(1686-1761) English cleric. His Jacobite opinions caused him to lose his fellowship at Emmanuel College, Cambridge, in 1714. His work A Serious Call to a Devout and Holy Life 1728 influenced John Wesley, the founder of Methodism.
(1858-1923) British Conservative politician. Elected leader of the opposition 1911, he became colonial secretary in Asquith's coalition government 1915-16, chancellor of the Exchequer 1916-19, and Lord Privy Seal 1919-21 in Lloyd George's coalition. He formed a Conservative Cabinet 1922, but resigned on health grounds.
Law was born in New Brunswick, Canada. He made a fortune in Scotland as a banker and iron-merchant before entering Parliament 1900.
John 1671-1729 Scottish financier and speculator.
ETYM Old Eng. lawe, laghe, AS. lagu, from the root of Eng. lie: akin to OS. lag, Icel. lög, Swed. lag, Dan. lov.
Body of rules and principles under which justice is administered or order enforced in a state or nation. In western Europe there are two main systems: Roman law and English law. US law is a modified form of English law.
Roman law legal system of ancient Rome that is now the basis of civil law, one of the main European legal systems.
It originated under the republic, was developed under the empire, and continued in use in the Byzantine empire until 1453. First codified in 450 BC and finalized under Justinian AD 528–534, it advanced to a system of international law (jus gentium), applied in disputes between Romans and foreigners or provincials, or between provincials of different states. Church influence led to the adoption of Roman law throughout western continental Europe, and it was spread to E Europe and parts of Asia by the French Code Napoléon in the 19th century. Scotland and Québec (because of their French links) and South Africa (because of its link with Holland) also have it as the basis of their legal systems.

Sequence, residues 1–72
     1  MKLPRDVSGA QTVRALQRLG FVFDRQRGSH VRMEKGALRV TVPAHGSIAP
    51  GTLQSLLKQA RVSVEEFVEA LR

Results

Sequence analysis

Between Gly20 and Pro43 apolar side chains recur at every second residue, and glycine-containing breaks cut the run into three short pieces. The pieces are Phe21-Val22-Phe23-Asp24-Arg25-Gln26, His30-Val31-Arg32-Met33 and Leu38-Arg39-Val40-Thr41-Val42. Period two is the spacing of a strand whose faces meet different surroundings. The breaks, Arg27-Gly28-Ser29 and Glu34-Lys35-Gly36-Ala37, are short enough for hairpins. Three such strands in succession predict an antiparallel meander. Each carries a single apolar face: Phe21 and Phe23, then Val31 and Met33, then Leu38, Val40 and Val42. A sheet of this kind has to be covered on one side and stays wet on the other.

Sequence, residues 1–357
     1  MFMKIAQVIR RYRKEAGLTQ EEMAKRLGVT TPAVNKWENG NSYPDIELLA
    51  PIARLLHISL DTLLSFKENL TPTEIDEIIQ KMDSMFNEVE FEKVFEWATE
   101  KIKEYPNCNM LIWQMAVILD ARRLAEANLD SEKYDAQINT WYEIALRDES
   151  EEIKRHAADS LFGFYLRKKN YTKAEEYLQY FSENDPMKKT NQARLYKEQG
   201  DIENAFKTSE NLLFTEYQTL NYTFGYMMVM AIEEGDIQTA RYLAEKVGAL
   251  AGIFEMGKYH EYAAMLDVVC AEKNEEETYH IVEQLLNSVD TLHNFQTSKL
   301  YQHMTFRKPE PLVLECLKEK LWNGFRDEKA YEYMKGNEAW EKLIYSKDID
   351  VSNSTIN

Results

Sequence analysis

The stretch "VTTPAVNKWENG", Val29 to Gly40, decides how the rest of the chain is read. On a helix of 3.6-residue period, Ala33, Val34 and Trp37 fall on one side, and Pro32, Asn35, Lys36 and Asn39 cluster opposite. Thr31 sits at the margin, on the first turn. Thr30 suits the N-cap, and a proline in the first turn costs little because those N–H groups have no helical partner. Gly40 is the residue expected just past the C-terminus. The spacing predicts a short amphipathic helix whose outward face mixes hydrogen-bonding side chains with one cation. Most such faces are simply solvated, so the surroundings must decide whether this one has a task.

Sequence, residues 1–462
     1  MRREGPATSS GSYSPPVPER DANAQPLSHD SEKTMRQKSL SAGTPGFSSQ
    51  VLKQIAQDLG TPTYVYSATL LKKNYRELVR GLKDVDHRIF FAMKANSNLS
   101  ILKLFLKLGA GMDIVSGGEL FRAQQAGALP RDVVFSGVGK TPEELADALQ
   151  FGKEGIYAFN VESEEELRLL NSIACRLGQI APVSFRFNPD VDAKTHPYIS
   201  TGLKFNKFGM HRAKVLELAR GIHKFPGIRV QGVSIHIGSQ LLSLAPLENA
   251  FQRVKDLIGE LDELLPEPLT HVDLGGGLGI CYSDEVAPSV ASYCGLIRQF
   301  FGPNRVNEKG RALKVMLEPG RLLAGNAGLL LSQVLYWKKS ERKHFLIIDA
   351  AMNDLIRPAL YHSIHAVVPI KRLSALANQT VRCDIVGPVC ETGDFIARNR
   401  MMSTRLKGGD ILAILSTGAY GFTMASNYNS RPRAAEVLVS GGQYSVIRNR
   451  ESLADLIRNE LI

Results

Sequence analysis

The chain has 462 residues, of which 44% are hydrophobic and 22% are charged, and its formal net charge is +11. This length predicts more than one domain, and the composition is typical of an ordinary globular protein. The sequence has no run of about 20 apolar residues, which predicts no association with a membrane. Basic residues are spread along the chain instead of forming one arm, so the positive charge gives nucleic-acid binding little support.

English law derives from Anglo-Saxon customs, which were too entrenched to be broken by the Norman Conquest and still form the basis of the common law, which by 1250 had been systematized by the royal judges. Unique to English law is the doctrine of stare decisis (Latin “to stand by things decided”), which requires that courts abide by former precedents (or decisions) when the same points arise again in litigation.
These two concepts are the basis for US law.
The main differences between the British legal system, called the adversarial or accusatorial system, and the system of some European countries (eg. France), called the inquisitorial system, are that in the adversarial system the judge acts as an impartial umpire; prosecution and defense each put their case; and the jury decides. In the inquisitorial system the inquiry into the facts is conducted by the judge, who also examines the evidence and interrogates witnesses.
A disadvantage of the accusatorial system is that juries have to decide on the evidence put in court, which may be limited by rules of evidence. The same evidence would not be hidden under the inquisitorial system, where all evidence must be put forward. But the inquisitorial system does not allow for cross-examination of witnesses, and gives the examining magistrate potentially oppressive powers. Pleas of guilty are also not allowed.
1. A generalization based on recurring facts or events (in science or mathematics etc).
2. A rule or body of rules of conduct inherent in human nature and essential to or binding upon human society; SYN. natural law.
3. One of a set of rules governing a particular activity or a legal document setting forth such a rule.
4. The collection of rules imposed by authority; SYN. jurisprudence.
5. The learned profession that is mastered by graduate study in a law school and that is responsible for the judicial system; SYN. practice of law.
constabulary · jurisprudence · law of nature · legal philosophy · natural law · police · police force · practice of law
2. (chiefly dialect) To sue or prosecute at law